River Phoenix (1970 to 1993) appears in the opening sequence of this movie as Young Indiana Jones. He gives an exceptional performance. This sequence shows the origins of Indiana Jones' hat (a fedora), bullwhip, chin scar, and phobia to snakes.
Also, look for the mature Indiana Jones' face to face encounter with Adolf Hitler (1889 to 1945) and the three booby traps he must overcome to obtain the Grail.
Spielberg wanted to make this film because he wanted "to apologize for the second one." (The second film was "Temple of Doom" .)
You'll find that this movie has the spirit and tone of "Raiders of the Lost Ark" (1981).Read more ›
Even though this film can stand on its own, it can be more fully understood if you watch "Raiders of the lost Ark" first.
Once again we start out with a young Jones trying to save an artifact from pillagers. This lets us know of his heroic energy and introduces his father Professor Henry Jones (Sean Connery) and his obsession with the Holy Grail, even to the exclusion of his relationship with Junior.
Now grown Dr. Indiana Jones gives a class and explains that Archeology is a pretty strait forward science and not some search for legends. He receives a mysterious piece of post.
He is then approached by group of rich people that are in search of the Grail. It turns out that their top researcher has disappeared. Yep it is Professor Henry Jones. What can Indiana do but go looking for his father. He is accounted by his best friend who runs a museum Dr. Marcus Brody (Denholm Elliottt) as they team up with the last person to see his father Dr. Elsa Schneider (Alison Doody.) He gets a final warning "Do not trust anybody."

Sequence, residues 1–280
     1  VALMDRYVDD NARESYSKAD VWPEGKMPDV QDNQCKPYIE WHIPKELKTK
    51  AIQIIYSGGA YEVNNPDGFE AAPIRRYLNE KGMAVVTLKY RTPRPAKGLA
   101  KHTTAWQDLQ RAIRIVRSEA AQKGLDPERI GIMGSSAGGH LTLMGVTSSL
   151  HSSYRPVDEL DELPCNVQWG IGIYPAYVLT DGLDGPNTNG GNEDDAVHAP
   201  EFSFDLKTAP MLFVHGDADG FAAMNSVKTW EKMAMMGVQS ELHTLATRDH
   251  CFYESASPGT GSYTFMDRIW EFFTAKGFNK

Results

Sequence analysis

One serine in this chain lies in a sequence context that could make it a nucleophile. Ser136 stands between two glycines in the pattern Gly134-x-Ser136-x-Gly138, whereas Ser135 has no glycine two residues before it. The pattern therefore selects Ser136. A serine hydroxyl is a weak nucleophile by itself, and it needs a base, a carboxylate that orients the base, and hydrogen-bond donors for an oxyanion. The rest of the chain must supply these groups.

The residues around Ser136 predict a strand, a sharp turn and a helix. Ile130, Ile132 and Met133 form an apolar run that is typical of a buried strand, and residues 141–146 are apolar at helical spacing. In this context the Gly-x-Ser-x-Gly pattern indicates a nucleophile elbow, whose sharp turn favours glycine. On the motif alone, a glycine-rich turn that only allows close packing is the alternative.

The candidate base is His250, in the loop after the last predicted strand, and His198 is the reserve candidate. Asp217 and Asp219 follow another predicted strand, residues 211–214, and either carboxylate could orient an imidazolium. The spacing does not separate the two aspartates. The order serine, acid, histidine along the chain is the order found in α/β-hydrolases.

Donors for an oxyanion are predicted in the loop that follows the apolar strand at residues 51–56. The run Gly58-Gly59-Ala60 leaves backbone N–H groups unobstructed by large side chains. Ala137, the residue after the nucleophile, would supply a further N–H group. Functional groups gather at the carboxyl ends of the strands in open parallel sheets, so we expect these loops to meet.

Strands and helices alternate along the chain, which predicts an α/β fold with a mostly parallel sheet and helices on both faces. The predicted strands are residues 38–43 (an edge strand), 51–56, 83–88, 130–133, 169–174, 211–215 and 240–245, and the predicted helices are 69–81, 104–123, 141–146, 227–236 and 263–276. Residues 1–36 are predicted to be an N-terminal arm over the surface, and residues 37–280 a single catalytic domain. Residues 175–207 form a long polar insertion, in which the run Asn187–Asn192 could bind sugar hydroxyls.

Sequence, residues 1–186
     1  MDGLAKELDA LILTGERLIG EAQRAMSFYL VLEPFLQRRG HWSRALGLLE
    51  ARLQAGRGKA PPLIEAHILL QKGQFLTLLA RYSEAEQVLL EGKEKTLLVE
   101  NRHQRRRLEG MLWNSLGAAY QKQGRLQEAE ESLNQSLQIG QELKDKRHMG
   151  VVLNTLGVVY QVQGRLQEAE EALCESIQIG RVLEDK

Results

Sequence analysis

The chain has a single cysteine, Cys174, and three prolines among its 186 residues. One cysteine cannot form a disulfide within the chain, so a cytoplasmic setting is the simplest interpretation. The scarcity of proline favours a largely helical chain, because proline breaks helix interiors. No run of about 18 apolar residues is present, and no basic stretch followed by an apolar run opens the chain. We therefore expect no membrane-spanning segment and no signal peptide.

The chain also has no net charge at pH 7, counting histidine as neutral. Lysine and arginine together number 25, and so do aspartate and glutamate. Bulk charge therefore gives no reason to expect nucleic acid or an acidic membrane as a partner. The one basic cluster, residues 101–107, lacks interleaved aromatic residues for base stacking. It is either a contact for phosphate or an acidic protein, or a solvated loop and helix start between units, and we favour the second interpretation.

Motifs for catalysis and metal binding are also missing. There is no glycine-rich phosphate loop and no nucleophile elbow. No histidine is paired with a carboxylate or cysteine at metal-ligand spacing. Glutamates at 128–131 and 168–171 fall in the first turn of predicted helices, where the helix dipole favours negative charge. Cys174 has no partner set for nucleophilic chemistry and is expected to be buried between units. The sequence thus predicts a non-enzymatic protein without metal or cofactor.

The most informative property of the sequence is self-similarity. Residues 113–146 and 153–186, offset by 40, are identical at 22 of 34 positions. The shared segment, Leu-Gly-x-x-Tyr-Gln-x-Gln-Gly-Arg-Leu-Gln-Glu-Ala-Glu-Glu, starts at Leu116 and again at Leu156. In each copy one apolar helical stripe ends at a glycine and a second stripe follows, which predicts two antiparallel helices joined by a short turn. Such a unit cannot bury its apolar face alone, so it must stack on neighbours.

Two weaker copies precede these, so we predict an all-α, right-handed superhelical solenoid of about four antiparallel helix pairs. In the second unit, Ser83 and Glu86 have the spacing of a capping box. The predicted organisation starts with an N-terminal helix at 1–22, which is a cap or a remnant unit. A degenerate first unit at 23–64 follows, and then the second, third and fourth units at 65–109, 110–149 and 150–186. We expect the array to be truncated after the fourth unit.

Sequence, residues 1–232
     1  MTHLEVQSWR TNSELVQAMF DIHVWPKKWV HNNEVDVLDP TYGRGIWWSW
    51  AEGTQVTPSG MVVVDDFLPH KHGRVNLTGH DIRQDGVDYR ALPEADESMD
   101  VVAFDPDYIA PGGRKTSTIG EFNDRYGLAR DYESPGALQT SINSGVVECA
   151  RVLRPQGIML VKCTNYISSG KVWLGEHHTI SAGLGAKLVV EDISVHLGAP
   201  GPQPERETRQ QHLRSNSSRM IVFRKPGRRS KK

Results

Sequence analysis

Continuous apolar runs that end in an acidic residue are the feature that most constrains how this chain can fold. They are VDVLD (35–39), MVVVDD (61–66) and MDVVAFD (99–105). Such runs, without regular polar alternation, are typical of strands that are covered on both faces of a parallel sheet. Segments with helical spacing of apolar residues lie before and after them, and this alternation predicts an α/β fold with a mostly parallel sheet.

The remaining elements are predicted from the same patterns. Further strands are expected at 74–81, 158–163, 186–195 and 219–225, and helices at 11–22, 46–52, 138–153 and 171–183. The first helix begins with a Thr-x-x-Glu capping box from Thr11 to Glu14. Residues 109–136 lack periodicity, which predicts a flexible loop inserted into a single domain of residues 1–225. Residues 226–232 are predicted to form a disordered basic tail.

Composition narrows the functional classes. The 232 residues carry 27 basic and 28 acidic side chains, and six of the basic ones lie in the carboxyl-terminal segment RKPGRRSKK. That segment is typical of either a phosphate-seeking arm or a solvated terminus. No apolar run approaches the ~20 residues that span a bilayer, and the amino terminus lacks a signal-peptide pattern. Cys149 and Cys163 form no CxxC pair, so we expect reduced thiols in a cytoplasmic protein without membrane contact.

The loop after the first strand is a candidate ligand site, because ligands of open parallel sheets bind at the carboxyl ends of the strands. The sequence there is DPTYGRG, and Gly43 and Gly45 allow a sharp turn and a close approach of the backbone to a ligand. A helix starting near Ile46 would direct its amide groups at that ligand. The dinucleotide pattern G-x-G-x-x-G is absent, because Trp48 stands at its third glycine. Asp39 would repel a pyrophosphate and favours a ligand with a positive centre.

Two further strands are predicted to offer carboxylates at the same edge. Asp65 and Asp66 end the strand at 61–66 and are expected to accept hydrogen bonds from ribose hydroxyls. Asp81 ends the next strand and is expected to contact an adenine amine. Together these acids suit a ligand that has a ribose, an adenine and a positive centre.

Will he find his father?
If he dies what will they have to talk about?
Does the Grail really exist?
Who are the mysterious people following him?
One of my favorite scenes is where Dr. Jones disguised in a German uniform bumps into Hitler (Michael Sheard of Star Wars fame).
Have fun watching this great film with the banter between Hennery and Junior. And remember "do not trust anybody."
- Henry Jones Sr. reminds his whip wielding son how important the last crusade for the Cup of Christ is in "Indiana Jones and The Last Crusade".
The third entry in the adventures of Indiana Jones, aptly titled "Indiana Jones and The Last Crusade", is a lot light hearted than "The Temple of Doom" and its dark heart, and is more in the spirit of "Raiders of the Lost Ark" but can't outmatch it.
Three years after the events in "Raiders", Indiana Jones is on a quest to find his missing father after finding out he's been abducted by sinister forces. For most of his life, Indiana's father, has been researching and trying to locate The Holy Grail. If Indiana finds his dad he also may have found The Holy Grail.
After Seventeen summers, since its 5/24/89 release, the film is still fun to watch. The cast is great, especially Sean Connery as Henry Jones Sr. I can't imagine anyone else for the role. The chemistry between Connery and Harrison Ford is what makes the "Last Crusade" a stand-out crowd pleaser. Denholm Elliot expands on his role from "Raiders" as Marcus Brody, adding some goofy comic relief as the bookish curator out of his element. Of course it isn't an "Indiana Jones" film without Harrison Ford as the title role. This a classic example of a film character that is so legendary, that it would be fruitlessly idiotic to have the character be recast with another actor. In other words I really can't see Tom Selleck as Dr. Jones, and if there isn't a fourth adventure with Indiana Jones it would suck big time, but I could live with it.
"Last Crusade" does have some really great action sequences.Read more ›
Most recent customer reviews
Didn't like the other 2 sequels but this was a nice end to the series for me.Published 9 months ago by Kalynnyk